- Orthodox seeds and pollen behave differently and can usually be thawed and refrozen
- Transfer cryopreserved material quickly between vessels to avoid rewarming.
- Ensure good air circulation in the room where LN storage tanks are placed because nitrogen gas is constantly boiling from the tanks. Oxygen monitors should be placed around the room for detection of oxygen content of the air.
- Use emergency fans that are triggered by the oxygen monitors or emergency buttons to increase air exchange in case of build up of nitrogen gas
- Storage container will vary with the size of the seeds or tissues. Store seeds and tissues in 1.8 and 2.0 ml cryogenic vials for cryopreservation:
- For meristems and shoot tips, 10-25 tissues can be placed in one vial;
- For small seeds from 1500 to 3000 can be placed in one vial;
- Larger vials will be needed for storage of larger seeded orthodox seeds;
- Place multiple vials into aluminum cans or metal boxes for storage.
- Liquid nitrogen storage containers vary with tissue and size of collection:
- Small 20-30 liter tanks with no vapor phase for direct tissue storage.
- Five-foot-diameter steel tanks that allow a vapour phase for seed storage.
- Use well insulated containers to reduce loss of liquid nitrogen. Containers with narrow necks reduce loss of liquid nitrogen but are inconvenient for access.
- Use an alarm system to indicate low liquid nitrogen levels.
- Top up storage dewars once in a week.
Cryogenic vials may be stored directly in the liquid nitrogen at -196°C or suspended in trays within the vapour phase of the liquid nitrogen at -160°C
The number of replications depends on the survival, crop type, speed of propagation, stability in culture and material available for storage. Probalistic tolls have been developed to assist in the establishment and management of cryopreserved collections (see Dussert et al. 2003)
Specific crop protocols
Storage protocols have been developed for several important vegetatively propagated crops, including banana, cassava, potato, sweet potato and yam.
Banana – Cryopreservation of Musa germplasm
Cassava – http://webapp.ciat.cgiar.org/asia_cassava/pdf/proceedings_workshop_02/136.pdf
Potato – http://www.cipotato.org/csd/Materials/Tissue/Capitulo4.pdf
Sweet potato – http://www.cipotato.org/csd/materials/Sweetpotato%202-4.asp
Yam – http://www.ejbiotechnology.info/content/vol1/issue3/full/2/bip/
References and further reading
Bajaj YPS, editor. 1995. Cryopreservation of Plant Germplasm I. Biotechnology in Agriculture and Forestry, Vol. 32. Springer, Berlin, Germany.Batugal P, Ramanatha Rao V, Oliver J, editors. 2005. Coconut genetic resources, International Board for Plant Genetic Resources, Rome, Italy.779 p. Available here.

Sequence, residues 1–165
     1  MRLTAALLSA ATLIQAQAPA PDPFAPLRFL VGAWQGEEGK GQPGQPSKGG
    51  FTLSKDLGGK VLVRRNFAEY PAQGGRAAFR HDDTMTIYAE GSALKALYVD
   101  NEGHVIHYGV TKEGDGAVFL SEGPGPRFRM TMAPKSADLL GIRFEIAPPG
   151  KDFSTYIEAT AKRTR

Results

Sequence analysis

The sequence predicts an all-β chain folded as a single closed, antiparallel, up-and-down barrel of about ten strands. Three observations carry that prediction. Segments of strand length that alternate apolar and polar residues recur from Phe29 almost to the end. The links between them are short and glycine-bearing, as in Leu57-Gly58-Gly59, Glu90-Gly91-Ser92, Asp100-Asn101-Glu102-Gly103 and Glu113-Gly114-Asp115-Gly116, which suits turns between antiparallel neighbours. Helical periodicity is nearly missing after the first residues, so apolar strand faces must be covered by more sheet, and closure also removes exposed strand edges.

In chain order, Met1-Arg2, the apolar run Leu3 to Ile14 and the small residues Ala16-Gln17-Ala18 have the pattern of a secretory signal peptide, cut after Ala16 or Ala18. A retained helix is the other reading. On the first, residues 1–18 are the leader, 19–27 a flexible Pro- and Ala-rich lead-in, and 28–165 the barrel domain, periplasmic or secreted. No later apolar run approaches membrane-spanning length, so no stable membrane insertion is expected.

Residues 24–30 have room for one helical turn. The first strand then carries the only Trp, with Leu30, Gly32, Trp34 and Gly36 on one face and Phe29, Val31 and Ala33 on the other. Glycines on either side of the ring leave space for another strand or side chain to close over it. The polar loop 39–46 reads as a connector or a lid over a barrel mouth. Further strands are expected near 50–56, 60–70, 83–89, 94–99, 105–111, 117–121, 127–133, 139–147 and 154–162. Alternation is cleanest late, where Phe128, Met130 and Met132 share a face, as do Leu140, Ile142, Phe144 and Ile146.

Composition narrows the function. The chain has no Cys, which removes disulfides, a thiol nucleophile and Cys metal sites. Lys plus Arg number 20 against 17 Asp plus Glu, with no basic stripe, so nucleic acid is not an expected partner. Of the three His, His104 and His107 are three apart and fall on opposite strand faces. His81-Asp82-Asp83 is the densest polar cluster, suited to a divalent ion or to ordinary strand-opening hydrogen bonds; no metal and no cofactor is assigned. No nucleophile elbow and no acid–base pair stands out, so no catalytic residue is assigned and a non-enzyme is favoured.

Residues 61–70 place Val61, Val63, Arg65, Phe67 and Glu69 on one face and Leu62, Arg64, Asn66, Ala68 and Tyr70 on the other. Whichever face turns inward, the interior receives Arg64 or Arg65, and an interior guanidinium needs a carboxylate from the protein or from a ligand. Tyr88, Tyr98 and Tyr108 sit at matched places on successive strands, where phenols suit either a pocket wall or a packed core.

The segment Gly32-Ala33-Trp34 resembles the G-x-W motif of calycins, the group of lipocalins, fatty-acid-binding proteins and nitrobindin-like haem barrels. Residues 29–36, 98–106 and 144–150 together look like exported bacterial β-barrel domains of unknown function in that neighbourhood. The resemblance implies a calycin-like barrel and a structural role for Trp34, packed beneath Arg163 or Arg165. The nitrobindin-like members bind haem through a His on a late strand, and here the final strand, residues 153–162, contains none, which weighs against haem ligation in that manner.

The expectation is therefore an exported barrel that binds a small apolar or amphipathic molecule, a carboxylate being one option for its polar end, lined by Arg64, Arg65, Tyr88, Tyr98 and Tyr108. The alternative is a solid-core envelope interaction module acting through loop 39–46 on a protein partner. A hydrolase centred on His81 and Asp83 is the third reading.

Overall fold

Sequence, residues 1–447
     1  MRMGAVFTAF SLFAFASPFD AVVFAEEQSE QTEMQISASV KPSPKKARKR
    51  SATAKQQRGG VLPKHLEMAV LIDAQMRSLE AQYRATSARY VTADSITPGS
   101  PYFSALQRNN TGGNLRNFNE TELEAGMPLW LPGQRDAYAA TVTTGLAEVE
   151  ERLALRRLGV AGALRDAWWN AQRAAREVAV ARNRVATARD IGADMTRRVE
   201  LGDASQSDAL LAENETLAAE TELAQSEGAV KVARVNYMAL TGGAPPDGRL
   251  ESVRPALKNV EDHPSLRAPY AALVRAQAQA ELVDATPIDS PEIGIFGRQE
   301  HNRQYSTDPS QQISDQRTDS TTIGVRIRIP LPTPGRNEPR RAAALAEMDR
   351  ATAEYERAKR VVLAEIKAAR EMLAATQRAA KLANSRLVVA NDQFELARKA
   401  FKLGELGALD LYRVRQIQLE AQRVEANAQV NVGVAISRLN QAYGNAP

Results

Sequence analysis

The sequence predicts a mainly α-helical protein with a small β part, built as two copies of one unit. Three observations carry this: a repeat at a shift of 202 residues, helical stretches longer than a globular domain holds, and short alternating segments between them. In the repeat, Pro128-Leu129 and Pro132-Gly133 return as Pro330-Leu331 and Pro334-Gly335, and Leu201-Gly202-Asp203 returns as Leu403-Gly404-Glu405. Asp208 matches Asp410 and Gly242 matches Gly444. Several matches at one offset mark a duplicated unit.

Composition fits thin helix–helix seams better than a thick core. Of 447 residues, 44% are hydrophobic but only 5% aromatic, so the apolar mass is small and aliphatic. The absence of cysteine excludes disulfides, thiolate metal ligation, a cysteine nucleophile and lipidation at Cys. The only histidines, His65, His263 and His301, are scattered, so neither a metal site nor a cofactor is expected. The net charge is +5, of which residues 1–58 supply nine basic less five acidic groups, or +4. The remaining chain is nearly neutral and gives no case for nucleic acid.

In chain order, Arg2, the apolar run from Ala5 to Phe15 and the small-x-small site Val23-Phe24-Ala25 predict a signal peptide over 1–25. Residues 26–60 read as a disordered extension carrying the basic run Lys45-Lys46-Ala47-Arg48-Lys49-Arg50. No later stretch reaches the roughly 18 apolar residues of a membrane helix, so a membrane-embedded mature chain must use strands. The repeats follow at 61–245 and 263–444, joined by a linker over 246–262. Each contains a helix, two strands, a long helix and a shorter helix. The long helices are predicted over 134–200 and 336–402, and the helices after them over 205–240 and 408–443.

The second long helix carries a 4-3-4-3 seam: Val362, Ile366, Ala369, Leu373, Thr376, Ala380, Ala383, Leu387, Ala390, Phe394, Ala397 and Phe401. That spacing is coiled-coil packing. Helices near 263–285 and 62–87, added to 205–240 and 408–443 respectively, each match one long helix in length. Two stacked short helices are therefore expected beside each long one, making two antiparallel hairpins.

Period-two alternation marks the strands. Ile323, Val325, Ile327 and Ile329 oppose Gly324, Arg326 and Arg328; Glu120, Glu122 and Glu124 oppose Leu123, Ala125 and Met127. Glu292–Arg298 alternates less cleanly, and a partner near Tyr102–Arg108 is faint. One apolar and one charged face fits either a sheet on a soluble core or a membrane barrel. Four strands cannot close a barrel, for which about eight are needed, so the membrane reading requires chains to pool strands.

Benson EE. 1999. Plant Conservation Biotechnology, pp. 139–154. Taylor & Francis, London.
Benson EE, Harding K, Debouck D, Dumet D, Escobar R, Mafla G, Panis B, Panta A, Tay D, Van den houwe I, Roux N. 2011. Refinement and standardization of storage procedures for clonal crops – Global Public Goods Phase 2: Part I. Project landscape and general status of clonal crop in vitro conservation technologies. System-wide Genetic Resources Programme, Rome, Italy. Available here (2.5 MB).
Benson EE, Harding K, Debouck D, Dumet D, Escobar R, Mafla G, Panis B, Panta A, Tay D, Van den houwe I, Roux N. 2011. Refinement and standardization of storage procedures for clonal crops – Global Public Goods Phase 2: Part II. Status of in vitro conservation technologies for: Andean root and tuber crops, cassava, Musa, potato, sweet potato and yam. System-wide Genetic Resources Programme, Rome, Italy. Available as full size PDF (9 MB) and light version (3.5 MB).
Benson EE, Harding K, Debouck D, Dumet D, Escobar R, Mafla G, Panis B, Panta A, Tay D, Van den houwe I, Roux N. 2011. Refinement and standardization of storage procedures for clonal crops – Global Public Goods Phase 2: Part III. Multi-crop guidelines for developing in vitro conservation best practices for clonal crops. System-wide Genetic Resources Programme, Rome, Italy. Available here (4.5 MB).
Chandel KPS, Pandey R, Paroda RS, Arora RK. 1991. Plant genetic resources conservation: recent approaches. Plant genetic resources: conservation and management. Concepts and approaches. International Board for Plant Genetic Resources New Delhi (India). p. 247-272.
Chaudhury R, Pandey R, Malik SK, Bhag Mal, editors. 2003. In vitro conservation and cryopreservation of tropical fruit species. Proceedings of the Regional Training Course on In Vitro Conservation of Tropical Fruit Genetic Resources, organized at the National Bureau of Plant Genetic Resources (NBPGR), New Delhi, India, 4-16 February 2002. 293 p.